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Page:Quarterlyoforego10oreg 1.djvu/192

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78 LoN L. Swift Table 14 shows that in 1900 the United States had 160 times as many farms as Oregon, 83 times the total area of farm land, a much larger per cent of which was improved than in Oregon, a higher average value per acre, and 119 times the total value of farm land. Oregon appears rather insignificant when com- pared to the United States ; but when compared to the West- ern Division it is seen to have had in 1900 greater agricultural wealth than the average of these eleven states. The average area of the farms in the Western Division was much larger than the average size farm in Oregon ; the per cent of improved farm land less ; the average value per acre slightly more. Ore- gon had approximately one-tenth of the total value of the farm land of the eleven states of the Western Division. If the total value of farm land is taken as the basis of compari- son, it may be said that the agricultural wealth of the United States was 1 19.15 times that of Oregon; the Western Divis- ion, 9.92; California, 4.6; Washington, 0.84. The next point considered is the principal sources of income of Oregon's farms. A study will be made of the nine largest classes of produce ; hay and grain, live stock, vegetables, fruits, dairy produce, sugar, flowers and plants, nursery products, and miscellaneous. Everything is included in the last class that is not in the other eight. The items selected for the eluci- dation of this subject are the total value of each class of prod- ucts in Oregon in 1900, and the number of farms, total acre- age, improved acreage, and total value of farm property, class- ified according to their principal source of income. Oregon derived its principal source of income in 1900 from live stock ; hay and grain ranked second ; miscellaneous third ; dairy produce fourth ; vegetables fifth ; fruits sixth ; nursery products seventh ; flowers and plants eighth ; sugar, ninth. These items maintained the same rank when classified accord- ing to the number of farms and the total acreage of farm land from which each item was derived as a principal source of income. The raising of hay and grain requires more improved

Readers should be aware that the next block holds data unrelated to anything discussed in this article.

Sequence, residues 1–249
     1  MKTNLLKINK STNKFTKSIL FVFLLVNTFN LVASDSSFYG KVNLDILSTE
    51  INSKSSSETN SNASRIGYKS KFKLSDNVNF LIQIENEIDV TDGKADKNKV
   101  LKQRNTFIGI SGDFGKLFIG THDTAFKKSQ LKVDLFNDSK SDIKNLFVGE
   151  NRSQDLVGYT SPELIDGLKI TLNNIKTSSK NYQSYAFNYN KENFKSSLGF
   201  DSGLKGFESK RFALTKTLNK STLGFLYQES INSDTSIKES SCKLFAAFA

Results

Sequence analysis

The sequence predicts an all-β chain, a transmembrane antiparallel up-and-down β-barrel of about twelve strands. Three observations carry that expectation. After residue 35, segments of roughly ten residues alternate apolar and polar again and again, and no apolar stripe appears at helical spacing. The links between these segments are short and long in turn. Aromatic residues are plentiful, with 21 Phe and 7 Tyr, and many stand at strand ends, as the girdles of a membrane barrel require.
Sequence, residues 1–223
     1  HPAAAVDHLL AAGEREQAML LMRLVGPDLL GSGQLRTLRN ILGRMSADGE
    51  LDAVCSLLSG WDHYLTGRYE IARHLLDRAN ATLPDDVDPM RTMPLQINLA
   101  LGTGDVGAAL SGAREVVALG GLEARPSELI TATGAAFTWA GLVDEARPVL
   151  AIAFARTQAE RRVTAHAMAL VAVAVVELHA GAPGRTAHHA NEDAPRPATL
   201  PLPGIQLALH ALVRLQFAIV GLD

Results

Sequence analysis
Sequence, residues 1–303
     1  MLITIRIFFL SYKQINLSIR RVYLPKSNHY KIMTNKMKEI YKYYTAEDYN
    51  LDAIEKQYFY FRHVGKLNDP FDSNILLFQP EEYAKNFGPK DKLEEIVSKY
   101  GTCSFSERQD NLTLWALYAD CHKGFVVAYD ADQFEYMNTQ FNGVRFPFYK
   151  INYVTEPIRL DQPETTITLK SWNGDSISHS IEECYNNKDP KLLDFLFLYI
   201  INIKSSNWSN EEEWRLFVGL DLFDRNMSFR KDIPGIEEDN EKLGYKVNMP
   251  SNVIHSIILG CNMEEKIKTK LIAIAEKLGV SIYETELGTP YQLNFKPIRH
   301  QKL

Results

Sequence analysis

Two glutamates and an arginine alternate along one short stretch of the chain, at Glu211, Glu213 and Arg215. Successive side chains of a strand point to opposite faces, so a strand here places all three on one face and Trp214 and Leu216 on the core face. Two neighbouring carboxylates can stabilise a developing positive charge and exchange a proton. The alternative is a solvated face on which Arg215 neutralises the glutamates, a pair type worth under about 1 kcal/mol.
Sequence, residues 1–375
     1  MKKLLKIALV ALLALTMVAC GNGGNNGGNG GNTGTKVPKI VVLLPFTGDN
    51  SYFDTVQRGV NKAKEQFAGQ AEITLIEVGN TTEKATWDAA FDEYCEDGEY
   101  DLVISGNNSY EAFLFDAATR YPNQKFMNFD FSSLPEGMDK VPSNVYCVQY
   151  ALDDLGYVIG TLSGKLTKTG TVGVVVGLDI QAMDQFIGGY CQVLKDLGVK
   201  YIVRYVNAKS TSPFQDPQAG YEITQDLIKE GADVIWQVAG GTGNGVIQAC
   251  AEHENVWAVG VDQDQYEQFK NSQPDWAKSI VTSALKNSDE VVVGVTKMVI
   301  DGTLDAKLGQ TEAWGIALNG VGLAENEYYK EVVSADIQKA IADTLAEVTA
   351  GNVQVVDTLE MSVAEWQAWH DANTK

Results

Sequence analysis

and more valuable land than the raising of live stock, and a----